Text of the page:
The problem with having an aviation museum that isn’t at an airport is that you miss a major chunk of your target audience — pilots.
The folks at Spirit of Flight Center in Lafayette, Colo., are hoping that their museum’s new location at Erie Municipal Airport (EIK) near Denver will help attract more visitors — and that those visitors will be inclined to make donations enabling the facility to expand.
In the meantime, the museum is trying to raise $250,000 to help build the 12,000-square-foot museum building at EIK. Its collection of artifacts currently is in a business park warehouse.
“The museum got its start about five years ago,” explains Gordon Page, executive director. “We have been looking for a site for the museum at an airport for about three years.”
According to Page, one of the things that makes Erie Municipal attractive is the fact that the museum will own not only the building, when it is done, but also the land under it. In addition, the location is at the terminus of a taxiway, “so it will be easy for pilots to visit,” he said.
Another bonus: There is room at the site to double the museum’s size in the future.
Among the exhibits are parts of German World War II aircraft that were recovered overseas.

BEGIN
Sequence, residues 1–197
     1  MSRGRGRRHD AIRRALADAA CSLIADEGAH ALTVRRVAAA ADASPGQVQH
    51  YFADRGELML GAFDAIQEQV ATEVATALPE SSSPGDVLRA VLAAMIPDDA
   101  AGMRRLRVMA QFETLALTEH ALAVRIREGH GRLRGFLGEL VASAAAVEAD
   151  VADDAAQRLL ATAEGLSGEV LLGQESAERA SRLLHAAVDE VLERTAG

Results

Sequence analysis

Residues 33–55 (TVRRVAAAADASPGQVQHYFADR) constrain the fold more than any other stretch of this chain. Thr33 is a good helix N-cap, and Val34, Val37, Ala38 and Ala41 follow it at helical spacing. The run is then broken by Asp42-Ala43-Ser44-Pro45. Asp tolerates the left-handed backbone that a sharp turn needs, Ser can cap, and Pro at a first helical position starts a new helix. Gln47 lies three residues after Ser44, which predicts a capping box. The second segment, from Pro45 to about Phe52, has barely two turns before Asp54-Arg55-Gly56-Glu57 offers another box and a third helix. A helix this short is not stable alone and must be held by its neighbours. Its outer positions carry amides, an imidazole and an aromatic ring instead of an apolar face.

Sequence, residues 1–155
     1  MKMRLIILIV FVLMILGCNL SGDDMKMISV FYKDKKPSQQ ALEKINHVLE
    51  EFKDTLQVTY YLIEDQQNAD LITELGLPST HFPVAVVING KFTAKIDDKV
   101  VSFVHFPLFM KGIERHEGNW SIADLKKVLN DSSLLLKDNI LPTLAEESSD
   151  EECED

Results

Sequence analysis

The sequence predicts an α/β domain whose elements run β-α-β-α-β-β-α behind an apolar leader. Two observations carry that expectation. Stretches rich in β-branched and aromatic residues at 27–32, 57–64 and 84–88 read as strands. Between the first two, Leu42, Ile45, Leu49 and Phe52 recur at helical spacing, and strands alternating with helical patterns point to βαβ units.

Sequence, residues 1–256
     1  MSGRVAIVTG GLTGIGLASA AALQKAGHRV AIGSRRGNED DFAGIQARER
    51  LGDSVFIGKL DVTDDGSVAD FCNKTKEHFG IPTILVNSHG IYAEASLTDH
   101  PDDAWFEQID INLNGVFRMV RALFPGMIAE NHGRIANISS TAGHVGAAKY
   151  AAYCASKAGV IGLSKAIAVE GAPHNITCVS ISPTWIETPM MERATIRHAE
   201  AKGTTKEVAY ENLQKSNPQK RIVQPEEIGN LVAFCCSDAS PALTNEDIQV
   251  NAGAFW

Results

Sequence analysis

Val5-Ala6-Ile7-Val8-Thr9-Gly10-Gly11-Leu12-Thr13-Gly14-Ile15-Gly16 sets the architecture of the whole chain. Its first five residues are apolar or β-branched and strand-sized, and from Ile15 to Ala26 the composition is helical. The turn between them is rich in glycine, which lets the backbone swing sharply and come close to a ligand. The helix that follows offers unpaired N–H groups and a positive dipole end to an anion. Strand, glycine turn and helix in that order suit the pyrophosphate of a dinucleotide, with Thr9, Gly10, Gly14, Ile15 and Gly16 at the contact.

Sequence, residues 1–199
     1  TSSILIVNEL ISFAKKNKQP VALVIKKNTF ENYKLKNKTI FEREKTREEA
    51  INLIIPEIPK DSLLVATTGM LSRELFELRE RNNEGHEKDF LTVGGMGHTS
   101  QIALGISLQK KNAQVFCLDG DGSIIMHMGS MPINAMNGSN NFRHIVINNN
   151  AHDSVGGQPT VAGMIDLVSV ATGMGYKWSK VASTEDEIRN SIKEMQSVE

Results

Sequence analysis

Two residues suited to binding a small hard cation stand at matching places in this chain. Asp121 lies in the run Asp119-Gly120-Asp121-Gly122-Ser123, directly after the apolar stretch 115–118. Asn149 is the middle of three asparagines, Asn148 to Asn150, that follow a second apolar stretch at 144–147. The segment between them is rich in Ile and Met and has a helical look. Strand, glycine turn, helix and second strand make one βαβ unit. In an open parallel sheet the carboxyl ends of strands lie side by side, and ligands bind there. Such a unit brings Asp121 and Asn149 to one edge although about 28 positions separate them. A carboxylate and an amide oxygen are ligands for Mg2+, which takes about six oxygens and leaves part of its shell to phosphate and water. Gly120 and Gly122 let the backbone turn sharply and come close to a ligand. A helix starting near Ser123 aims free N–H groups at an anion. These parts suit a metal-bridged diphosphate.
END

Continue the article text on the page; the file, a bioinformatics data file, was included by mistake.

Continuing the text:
“The Spirit of Flight Center grew out of Warbird Recovery, an organization that — just as the name sounds — recovers warbirds,” says Page, who wrote the book “Warbird Recovery.”
“We got the airplanes from Russia. The book details how we dealt with the Russian Mafia and the KGB, in some cases, to get the planes,” he continued.
One thing that sets Spirit of Flight apart from many other museums is that touching the exhibits is allowed.
“Most museums have a ‘do not touch’ policy,” Page says. “At our museum you can go right up to some of the artifacts and touch them. You can stick your finger in a bullet hole. That really brings the experience home for a lot of people.”
More than 500 artifacts are on display, including the recovered warbirds. Some items were donated by veterans or their families, such as uniforms.
There are plans to rotate the exhibits in the new facility, in order to show everything.
“We plan to start in the 1920s and 1930s, the Golden Age of aviation, then, of course, we will cover World War II through the jet age and the space age,” Page says. “There is a lot to cover.”
The names of donors to the museum’s expansion effort will be placed on a 74-inch Convair 260 propeller that will be in the lobby of the Spirit of Flight Center. Donations of more than $50 will be recognized on the prop and the donor also will receive a Spirit of Flight hat. Donations of more than $500 will get a wall plaque with a piece of a military aircraft on it, along with a Spirit of Flight jacket and a hat. Donors of more than $1,000 will get all the benefits offered for lesser sums and can place a logo on the museum’s website as a sponsor.